Rémillard-Larose joins DDB Canada as CEO

Longtime Sid Lee Toronto managing parter Eve Rémillard-Larose has joined DDB Canada as CEO, with a stated objective to “reignite” a network that has experienced significant turnover among its senior leadership ranks in recent years.

She becomes DDB Canada’s third CEO in two years, succeeding Kevin Brady, who departed in February, and Brent Choi, who left in a 2020 restructuring after becoming the agency’s first CEO/CCO just one year prior.

The DDB name was also formally retired in Vancouver earlier this year, as the former PS DDB rebranded as PS&Co Brand Studio. The DDB name had been in the market since 1998, when the Omnicom network acquired Palmer Jarvis and rechristened it as Palmer Jarvis DDB.

Rémillard-Larose will be tasked with strengthening operating and leading the go-to-market strategy, driving integration across its divisions Anderson Health & Wellness, TrackDDB, and the main DDB Canada agency network, which includes offices in Edmonton, Montreal, and Toronto.

Rémillard-Larose spent more than 16 years with Sid Lee, most recently as co-managing partner of its Toronto office, working with a wide range of organizations from start-ups to global multinationals. She has prioritized the importance of diversity, equity, and inclusion.

In a release, DDB North America president and CEO Justin Thomas-Copeland said that its Canadian operations have been waiting for someone like Rémillard-Larose, who combines a “true creative spirit with people-first leadership values.”

“In order to have a strong, connected DDB North America, we need a strong DDB Canada,” he said. “And Eve will play a vital role in making it shine and fostering borderless partnerships with our U.S agencies, to deliver the most powerful creative solutions to clients.”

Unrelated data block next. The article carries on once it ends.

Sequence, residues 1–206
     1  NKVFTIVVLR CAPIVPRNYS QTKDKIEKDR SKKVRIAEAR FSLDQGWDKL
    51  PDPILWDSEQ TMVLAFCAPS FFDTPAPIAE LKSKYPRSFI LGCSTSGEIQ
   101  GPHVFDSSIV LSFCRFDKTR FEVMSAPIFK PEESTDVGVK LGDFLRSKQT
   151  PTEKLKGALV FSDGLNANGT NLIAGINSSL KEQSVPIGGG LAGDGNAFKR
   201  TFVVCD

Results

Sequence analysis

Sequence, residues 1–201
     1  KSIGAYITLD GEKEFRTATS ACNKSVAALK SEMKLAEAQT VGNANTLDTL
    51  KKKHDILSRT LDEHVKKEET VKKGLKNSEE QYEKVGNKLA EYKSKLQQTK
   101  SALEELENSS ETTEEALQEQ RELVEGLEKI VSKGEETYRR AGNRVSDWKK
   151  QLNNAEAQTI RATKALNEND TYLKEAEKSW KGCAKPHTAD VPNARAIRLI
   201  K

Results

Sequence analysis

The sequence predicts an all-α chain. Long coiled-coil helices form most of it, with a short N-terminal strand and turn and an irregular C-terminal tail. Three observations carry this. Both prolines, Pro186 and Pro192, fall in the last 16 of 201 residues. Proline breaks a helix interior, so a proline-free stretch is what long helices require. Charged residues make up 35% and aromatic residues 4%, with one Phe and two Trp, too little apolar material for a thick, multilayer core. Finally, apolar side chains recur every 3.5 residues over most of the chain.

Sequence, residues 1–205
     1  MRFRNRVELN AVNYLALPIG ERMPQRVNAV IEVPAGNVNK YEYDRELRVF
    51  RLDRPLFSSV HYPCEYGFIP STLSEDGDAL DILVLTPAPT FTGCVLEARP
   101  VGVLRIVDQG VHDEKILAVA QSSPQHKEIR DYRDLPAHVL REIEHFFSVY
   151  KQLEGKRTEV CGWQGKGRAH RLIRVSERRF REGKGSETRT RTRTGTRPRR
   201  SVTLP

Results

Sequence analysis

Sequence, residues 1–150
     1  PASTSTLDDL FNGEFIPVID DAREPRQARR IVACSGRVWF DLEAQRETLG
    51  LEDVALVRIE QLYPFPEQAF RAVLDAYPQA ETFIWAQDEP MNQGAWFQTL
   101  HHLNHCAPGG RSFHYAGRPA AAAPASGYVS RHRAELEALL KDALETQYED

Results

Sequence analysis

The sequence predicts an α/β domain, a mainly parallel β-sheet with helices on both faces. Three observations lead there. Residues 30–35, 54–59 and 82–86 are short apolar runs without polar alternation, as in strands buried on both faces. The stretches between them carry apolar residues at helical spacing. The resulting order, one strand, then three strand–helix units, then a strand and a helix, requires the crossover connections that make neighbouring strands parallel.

DDB said that it currently employs approximately 200 people across Canada, with the Toronto combination of Anderson, Track and the main network representing its largest centre of operations. Rémillard-Larose said that Edmonton has also emerged as a strong office within the network, thanks to its capabilities across design, media and digital.

One of her key areas of focus will be on building a more integrated, “borderless” network that can utilize each office’s best capabilities, a philosophy that has been espoused by DDB’s top leadership.

DDB’s global CEO Marty Halloran has talked openly about greater collaboration between offices, pointing to a campaign for Molson Coors’ Coors Light and Coors Seltzer that was developed by its Chicago and Sydney offices as an example of how the approach will work.

Asked about her immediate priorities, Rémillard-Larose said she wants to reignite DDB’s longstanding legacy as a creative powerhouse. “That’s what we’re known for [and] that’s what the legacy is,” she said. “Let’s prove that we are that creative powerhouse.”

“I’m a strong believer that we shouldn’t wait for a brief to start ideating and inventing solutions for clients and non clients, so how can we make sure that we create an environment where we constantly challenge each other,” she added.

In May, DDB announced the appointment of the longtime creative tandem of Rica Eckersley and Adam Thur as executive creative directors, with senior vice-president, managing director Megan Hardisty describing them at the time as a “game-changing duo.”

Asked if she is actively planning to bolster the company’s creative ranks, Rémillard-Larose said it’s too early to make that determination. “I think any agency today is constantly looking for the best talent out there,” she said. “Personally, coming in today as a CEO, I don’t have an agenda of recruiting people because I haven’t had a chance yet to look at the team that’s currently in place.”

Chris Powell